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COMMENTARY: Honor our ancestors with better immigration policies

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Immigration asylum

In this July 17, 2019, file photo, a United States Customs and Border Protection Officer checks the documents of migrants before being taken to apply for asylum in the United States, on International Bridge 1 in Nuevo Laredo, Mexico. 

The Day of the Dead (Nov. 2) has me thinking about how to honor my Mexican grandparents who moved to Mason City 100 years ago. María Guadalupe Herrera Granado (Lupe) and José Ángel Alfaro left an isolated rancho in Los Altos de Jalisco, carrying their infant son Jesús. Their story is utterly unremarkable, except that it differs so dramatically from what immigrants can expect today.

This humble family of pious name – Jesús, Joseph, and Mary – were part of an enormous exodus. Historians estimate that nearly a million people – almost 10 percent of the Mexican population – headed north between 1910-1930. They were the illiterate, hungry refugees of the Mexican Revolution, mostly from the states of Jalisco, Guanajuato and Michoacan.

Every migrant has a personal reason to leave home. As the eighth of eighteen children, José knew there was no land or work for him in Los Altos. He had been to the United States before and he liked the wages. Lupe’s prospects were worse. Two of her siblings had succumbed to smallpox. Her father died when she was 10. She married at age 14, to a man who left for the U.S. and never returned. Her beloved 17-year-old brother was killed by gunfire while she was pregnant with Jesús. José offered her an escape from the grief and shame.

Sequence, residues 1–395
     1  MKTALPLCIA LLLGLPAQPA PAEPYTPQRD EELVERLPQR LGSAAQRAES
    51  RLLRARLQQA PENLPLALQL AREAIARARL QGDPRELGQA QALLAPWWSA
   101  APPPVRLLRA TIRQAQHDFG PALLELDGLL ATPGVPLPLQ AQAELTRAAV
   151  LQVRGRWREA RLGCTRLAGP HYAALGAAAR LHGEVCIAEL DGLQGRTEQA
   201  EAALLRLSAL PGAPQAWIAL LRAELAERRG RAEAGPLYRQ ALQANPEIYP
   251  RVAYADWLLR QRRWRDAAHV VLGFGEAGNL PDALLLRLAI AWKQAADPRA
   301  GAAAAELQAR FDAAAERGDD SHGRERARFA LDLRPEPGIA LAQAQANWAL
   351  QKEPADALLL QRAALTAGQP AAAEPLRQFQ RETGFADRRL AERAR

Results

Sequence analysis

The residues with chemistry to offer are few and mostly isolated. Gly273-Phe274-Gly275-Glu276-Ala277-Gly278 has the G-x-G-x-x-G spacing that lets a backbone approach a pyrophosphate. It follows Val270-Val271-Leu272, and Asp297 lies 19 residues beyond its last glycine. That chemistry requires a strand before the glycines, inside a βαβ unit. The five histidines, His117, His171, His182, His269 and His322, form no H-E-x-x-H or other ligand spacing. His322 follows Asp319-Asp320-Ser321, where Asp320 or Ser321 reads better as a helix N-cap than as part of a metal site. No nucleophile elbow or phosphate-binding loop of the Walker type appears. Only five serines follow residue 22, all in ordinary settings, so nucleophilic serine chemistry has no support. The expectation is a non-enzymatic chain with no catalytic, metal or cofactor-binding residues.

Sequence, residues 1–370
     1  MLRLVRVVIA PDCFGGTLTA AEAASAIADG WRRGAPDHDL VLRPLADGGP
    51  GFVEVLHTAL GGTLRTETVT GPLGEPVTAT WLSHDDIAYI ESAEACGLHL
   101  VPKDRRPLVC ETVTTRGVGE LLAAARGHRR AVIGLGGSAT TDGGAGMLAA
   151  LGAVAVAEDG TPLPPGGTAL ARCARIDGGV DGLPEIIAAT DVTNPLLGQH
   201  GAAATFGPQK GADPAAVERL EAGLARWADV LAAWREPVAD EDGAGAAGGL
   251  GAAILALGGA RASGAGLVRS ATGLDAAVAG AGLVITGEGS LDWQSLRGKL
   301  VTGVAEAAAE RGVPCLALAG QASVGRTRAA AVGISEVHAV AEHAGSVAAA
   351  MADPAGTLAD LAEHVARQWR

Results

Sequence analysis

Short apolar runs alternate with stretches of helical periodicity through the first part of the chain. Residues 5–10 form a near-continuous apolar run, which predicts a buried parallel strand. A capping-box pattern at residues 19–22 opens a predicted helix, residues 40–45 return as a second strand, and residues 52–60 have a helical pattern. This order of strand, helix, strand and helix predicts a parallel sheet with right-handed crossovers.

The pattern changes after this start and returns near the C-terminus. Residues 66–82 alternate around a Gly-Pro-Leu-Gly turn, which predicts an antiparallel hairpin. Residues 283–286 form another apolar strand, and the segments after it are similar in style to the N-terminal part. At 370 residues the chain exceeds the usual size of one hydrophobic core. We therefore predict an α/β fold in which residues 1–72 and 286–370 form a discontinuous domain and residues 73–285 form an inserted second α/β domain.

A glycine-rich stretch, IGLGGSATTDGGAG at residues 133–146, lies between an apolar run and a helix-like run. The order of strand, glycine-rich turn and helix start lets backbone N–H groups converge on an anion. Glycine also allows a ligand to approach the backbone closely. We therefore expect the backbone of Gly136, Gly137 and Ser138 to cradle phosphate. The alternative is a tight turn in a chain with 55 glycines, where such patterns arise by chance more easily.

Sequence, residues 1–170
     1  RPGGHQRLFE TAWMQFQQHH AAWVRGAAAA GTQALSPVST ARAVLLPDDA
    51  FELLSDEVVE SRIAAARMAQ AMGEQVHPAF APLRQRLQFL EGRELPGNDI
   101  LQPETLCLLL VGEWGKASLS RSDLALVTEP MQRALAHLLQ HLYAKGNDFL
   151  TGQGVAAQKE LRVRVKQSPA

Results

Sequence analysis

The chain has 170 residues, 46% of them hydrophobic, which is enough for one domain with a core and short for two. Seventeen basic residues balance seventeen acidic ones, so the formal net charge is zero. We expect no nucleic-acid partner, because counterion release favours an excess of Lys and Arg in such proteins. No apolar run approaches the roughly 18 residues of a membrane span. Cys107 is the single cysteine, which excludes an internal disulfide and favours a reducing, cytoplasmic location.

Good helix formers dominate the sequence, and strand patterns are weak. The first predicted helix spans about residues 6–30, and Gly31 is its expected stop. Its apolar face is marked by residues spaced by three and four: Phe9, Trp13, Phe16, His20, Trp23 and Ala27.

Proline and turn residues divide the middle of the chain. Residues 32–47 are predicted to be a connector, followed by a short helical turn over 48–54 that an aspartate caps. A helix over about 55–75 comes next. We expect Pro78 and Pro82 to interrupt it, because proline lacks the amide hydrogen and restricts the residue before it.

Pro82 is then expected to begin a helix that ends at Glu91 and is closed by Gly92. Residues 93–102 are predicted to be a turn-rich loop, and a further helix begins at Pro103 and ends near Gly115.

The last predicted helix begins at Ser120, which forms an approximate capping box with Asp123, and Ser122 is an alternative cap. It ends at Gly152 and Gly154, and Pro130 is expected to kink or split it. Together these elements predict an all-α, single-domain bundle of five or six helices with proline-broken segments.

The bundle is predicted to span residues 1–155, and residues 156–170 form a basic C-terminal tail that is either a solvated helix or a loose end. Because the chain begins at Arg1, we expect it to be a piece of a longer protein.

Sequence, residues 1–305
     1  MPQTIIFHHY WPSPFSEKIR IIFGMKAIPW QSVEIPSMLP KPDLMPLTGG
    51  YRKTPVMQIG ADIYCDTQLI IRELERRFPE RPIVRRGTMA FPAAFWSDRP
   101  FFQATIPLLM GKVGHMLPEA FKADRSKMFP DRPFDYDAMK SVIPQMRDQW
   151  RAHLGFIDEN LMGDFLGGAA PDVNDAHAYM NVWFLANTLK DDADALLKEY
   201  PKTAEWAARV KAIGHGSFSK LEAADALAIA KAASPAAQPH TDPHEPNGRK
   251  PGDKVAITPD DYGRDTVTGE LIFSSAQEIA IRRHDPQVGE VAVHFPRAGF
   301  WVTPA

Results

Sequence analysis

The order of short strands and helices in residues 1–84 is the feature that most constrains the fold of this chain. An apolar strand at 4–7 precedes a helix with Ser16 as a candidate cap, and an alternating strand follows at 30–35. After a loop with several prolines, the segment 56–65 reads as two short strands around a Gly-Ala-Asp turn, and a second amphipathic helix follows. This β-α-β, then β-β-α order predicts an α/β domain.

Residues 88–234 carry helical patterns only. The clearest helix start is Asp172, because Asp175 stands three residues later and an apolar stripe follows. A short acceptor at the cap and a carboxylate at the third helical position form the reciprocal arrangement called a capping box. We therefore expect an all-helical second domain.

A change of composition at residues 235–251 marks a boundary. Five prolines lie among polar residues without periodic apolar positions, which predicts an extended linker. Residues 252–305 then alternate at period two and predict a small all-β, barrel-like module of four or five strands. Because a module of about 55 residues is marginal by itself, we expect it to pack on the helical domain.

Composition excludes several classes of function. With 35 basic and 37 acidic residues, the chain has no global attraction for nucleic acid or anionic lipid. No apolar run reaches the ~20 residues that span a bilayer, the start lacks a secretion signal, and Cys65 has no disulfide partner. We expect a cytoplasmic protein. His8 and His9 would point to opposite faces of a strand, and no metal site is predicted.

José and Lupe traveled north by train, courtesy of a recruiter for Chicago and North Western Railroad who offered a job and free passage. They crossed the border at Laredo just a few days before Christmas. Mexicans were welcomed then, no need for visas or passports, just a name typed on an index card. They replaced the Chinese and southern Europeans excluded by earlier waves of anti-immigration laws. Besides, Mexicans helped to keep wages low during the postwar depression.

Unlike the many Mexicans who settled in Texas or California, José was drawn to Iowa. He wasn’t alone. By 1925, Cerro Gordo county had 455 Mexicans, more than any other Iowa county. José worked first for the railroad, then at the Lehigh cement plant. The family lived on Lehigh Row alongside Italian, Greek and Czech neighbors. As Lupe raised their seven children, the family spent harvest season picking sugar beets and onions at the Kennedy farm. My abuelos never learned to read or write, but their children became teachers, electricians and a decorated World War II veteran.

Today, someone else’s relatives are leaving home for the north. They may be fleeing the Jalisco New Generation drug cartel, which has killed thousands of civilians. Or they may simply have tired of washing dishes in Guadalajara. Perhaps they were displaced by drought, or a high-end tequila distillery.

What awaits them on their journey? Some are apprehended at the border only to languish in a Laredo detention center. Others send their children over the border alone, in a desperate attempt to give them a better chance. Many are forced to remain in Mexico, where they hope in vain for a favorable asylum ruling. Perhaps we can honor the dead, in this land of immigrants, by rejecting cruel policies and extending compassion to the living.  

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